Climate change is a threat, but it could be an economic boon. We just took the first step.

By Ryan Johnson

The climate challenge is a chance for transformative growth on a scale with the industrial and information revolutions. America should lead the way.

If you find yourself in a hole, stop digging.

We have a decade to figure out how to reverse global warming if we ever want to ensure a habitable planet for our children. It’s going to take a full, species-wide effort to figure out how to do so in a way that minimally disrupts our quality of life. And yet, under the Trump administration, we have reversed course. It’s time to stop digging.

For too long, our nation has lacked conviction, settling for partial steps, struggling to reconcile economic and environmental pressures. But those delays, while inexcusable, pale next to President Donald Trump’s active sabotage of our environment. Continuing on this path is a risk to national security, public health and the welfare of future generations.

And that is why I am so pleased to be a part of a new majority whose leadership is not afraid to recognize the hole we are in — the new majority that, on Thursday, stopped digging and passed H.R. 9, the Climate Action Now Act.

I am proud to serve as a co-lead of H.R. 9 that would prevent this administration from making the United States the only nation on Earth not party to the Paris Climate Accords. H.R. 9 also challenges the Trump administration to step up and show us their plan for combating climate change. H.R. 9 rebukes the reckless attitudes of this president and brings us back to the global bargaining table to participate in the critical discussion over how to turn the tide and embrace a low carbon economy before it is too late.

But, ultimately, H.R. 9 merely pauses the digging. And that raises the question — what’s next?

Stop hand-wringing and start innovating

As a former CEO of a clean energy company, I humbly submit that, contrary to much of the hand-wringing that seems to deter this body from acting: There are no economic or technical barriers preventing us from profitably reducing greenhouse gas emissions. All we have to do is recognize that lowering fossil fuel use also lowers fossil fuel expense.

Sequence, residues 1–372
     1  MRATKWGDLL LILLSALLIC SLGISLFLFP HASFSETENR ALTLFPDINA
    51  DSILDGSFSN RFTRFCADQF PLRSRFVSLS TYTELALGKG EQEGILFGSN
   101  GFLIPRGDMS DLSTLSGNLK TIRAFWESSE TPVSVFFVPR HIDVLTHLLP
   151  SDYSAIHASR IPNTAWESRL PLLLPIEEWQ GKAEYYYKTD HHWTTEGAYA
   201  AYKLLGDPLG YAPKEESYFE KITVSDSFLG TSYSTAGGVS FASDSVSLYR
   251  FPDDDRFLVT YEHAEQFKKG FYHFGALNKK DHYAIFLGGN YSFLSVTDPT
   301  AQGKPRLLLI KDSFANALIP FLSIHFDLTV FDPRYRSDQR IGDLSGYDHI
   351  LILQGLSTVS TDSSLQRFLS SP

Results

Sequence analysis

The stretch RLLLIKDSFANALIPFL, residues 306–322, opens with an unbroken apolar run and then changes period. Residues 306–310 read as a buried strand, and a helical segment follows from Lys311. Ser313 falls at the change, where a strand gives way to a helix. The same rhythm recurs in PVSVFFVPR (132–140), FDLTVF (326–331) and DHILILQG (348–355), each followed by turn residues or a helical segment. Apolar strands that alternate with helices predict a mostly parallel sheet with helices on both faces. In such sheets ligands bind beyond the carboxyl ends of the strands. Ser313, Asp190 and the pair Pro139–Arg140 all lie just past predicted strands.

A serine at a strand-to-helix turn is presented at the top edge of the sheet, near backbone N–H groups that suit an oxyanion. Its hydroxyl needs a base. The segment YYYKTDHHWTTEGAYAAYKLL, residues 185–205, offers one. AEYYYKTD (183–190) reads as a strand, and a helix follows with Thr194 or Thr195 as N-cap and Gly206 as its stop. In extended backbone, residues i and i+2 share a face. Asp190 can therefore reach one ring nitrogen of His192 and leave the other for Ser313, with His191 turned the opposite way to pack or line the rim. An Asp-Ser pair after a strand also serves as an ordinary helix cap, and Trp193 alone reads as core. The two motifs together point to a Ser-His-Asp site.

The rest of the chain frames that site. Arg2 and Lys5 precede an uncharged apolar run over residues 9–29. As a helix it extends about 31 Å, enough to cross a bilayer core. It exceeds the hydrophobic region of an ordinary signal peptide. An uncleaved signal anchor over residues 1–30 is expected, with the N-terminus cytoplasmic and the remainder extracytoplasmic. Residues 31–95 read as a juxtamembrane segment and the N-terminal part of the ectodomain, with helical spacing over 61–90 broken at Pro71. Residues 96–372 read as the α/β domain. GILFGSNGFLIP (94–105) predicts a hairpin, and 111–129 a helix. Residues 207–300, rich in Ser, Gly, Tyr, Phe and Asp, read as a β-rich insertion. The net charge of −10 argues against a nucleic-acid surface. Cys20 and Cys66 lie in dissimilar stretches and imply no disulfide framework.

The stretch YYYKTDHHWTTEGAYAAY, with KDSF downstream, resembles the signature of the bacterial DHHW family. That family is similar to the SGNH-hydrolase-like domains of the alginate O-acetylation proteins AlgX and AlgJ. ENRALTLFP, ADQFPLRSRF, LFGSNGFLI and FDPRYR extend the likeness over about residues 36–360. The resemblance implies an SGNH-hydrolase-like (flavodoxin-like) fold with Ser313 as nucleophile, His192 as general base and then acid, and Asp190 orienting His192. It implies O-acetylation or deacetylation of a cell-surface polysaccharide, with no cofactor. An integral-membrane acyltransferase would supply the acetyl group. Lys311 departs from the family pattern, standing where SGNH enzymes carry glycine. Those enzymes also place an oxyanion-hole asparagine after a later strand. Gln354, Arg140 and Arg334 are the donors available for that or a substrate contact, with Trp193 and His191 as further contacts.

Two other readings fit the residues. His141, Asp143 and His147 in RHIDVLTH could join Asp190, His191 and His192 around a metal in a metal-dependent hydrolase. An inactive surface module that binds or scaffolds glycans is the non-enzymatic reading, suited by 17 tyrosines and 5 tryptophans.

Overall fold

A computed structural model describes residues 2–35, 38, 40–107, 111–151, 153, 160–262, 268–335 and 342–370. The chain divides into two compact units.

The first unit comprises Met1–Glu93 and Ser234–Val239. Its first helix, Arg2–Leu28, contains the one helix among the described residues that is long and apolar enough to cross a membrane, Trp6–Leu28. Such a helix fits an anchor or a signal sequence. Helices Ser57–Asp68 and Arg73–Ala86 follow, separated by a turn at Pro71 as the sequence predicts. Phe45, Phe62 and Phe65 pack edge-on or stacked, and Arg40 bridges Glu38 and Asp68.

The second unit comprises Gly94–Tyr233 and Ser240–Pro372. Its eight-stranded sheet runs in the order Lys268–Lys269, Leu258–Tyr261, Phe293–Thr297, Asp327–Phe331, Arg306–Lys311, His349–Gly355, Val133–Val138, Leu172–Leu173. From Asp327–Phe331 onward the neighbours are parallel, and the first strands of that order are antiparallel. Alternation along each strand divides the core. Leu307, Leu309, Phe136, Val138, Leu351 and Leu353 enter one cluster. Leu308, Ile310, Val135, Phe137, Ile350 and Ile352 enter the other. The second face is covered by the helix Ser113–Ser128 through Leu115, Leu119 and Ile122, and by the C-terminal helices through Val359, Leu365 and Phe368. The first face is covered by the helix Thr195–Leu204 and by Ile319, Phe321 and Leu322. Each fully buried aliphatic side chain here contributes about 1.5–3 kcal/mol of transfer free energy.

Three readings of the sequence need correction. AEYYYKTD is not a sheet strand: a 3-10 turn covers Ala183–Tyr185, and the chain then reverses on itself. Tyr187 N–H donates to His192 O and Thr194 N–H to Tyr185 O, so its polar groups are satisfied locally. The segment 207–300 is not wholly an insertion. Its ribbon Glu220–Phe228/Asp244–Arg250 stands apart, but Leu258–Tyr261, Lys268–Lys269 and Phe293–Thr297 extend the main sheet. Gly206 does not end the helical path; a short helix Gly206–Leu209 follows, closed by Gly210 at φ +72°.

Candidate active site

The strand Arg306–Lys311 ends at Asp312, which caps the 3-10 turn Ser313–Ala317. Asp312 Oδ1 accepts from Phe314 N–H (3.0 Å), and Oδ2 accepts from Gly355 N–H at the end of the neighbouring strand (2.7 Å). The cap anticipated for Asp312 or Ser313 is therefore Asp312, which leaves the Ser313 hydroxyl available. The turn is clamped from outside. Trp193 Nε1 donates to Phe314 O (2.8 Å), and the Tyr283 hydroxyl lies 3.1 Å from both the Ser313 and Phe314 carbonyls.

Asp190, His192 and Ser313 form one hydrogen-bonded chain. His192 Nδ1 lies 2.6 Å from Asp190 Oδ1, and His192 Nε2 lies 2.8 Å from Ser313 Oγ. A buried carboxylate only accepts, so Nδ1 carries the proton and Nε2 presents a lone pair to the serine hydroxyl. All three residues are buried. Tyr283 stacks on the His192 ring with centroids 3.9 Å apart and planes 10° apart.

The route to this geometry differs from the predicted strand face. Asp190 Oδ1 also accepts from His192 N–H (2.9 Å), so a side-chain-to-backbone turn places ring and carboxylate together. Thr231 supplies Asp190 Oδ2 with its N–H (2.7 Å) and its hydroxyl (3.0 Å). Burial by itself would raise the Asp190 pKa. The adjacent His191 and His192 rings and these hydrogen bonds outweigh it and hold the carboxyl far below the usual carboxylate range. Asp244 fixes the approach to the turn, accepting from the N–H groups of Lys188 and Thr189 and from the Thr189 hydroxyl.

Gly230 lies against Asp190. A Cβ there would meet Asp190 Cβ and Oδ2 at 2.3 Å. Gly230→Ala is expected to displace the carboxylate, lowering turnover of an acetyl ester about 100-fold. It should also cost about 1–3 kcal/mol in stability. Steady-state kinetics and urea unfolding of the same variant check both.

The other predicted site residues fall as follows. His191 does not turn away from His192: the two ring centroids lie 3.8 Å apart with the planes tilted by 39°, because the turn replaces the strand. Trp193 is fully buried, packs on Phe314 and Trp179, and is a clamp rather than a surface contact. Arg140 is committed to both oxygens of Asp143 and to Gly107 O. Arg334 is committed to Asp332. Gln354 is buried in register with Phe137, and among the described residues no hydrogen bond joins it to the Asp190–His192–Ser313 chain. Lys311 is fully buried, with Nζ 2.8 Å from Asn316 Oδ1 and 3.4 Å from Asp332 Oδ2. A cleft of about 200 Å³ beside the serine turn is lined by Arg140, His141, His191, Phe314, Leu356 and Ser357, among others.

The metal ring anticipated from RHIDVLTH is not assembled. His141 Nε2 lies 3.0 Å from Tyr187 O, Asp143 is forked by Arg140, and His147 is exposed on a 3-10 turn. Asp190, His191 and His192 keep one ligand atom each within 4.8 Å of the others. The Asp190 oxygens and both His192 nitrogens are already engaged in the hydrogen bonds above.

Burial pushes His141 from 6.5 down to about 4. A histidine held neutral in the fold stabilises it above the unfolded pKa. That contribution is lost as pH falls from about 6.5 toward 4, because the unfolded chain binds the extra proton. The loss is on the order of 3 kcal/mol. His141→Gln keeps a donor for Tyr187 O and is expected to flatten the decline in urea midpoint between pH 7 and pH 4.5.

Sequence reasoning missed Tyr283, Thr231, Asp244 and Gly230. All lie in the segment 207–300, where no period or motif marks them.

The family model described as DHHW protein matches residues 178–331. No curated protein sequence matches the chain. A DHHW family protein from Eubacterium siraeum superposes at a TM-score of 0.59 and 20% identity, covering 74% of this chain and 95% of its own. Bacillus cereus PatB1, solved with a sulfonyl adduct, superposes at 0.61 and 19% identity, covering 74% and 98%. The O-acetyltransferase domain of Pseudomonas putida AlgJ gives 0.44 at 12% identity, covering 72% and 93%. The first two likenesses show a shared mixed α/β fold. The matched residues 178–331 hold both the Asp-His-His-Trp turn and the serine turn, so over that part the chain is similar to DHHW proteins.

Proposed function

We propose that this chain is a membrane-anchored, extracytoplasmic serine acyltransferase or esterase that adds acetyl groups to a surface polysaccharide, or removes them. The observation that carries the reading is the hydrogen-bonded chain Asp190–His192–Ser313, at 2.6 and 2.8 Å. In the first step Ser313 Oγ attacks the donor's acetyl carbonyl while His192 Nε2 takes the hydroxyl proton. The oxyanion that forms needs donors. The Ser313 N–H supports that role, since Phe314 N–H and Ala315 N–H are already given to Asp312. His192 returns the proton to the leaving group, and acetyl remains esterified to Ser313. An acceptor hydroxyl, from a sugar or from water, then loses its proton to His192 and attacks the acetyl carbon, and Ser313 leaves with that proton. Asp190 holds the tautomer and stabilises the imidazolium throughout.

Replacing our old, dirty energy infrastructure with new, efficient and clean infrastructure isn’t a cost to be feared but an investment we should be eager to make. Lowering fossil fuel use will make our energy bills lower, our manufacturers more profitable, our wallets a little fuller and our planet safer.

Climate change is a threat we should fear. But addressing climate change is an economic opportunity to be embraced. Our failure to seize that opportunity so far speaks only to the inefficiencies and distortions in our regulations that create needless barriers to capital deployment. But we can fix those laws!  And by embracing the goals of the Paris Climate Accord, we can unleash the innovation of our manufacturers, businesses and regulators to drive those investments forward.

US must not ignore existential climate threat

This is a once-in-a-generation opportunity for transformative economic growth. It is on a scale with the industrial and information revolutions. Americans should be leading the way on combating climate change and developing the clean energy economy of tomorrow, not running from the challenge.

American leadership is not kowtowing to despots, it’s not declaring phony emergencies to build unnecessary walls, and it’s not ignoring the single most serious threat to the existence of human life on Earth. From Normandy to the Cold War, American leadership has been about identifying long-term existential threats to the entire population and then leading the rest of the world to mobilize around a shared set of goals and values.

H.R. 9 is the first opportunity in over a decade for our Congress to reclaim America’s leadership role on climate, and I am proud to be part of passing it  Not because it’s enough. But because the world depends on American leadership, and if the White House refuses to lead, the House will. Onward.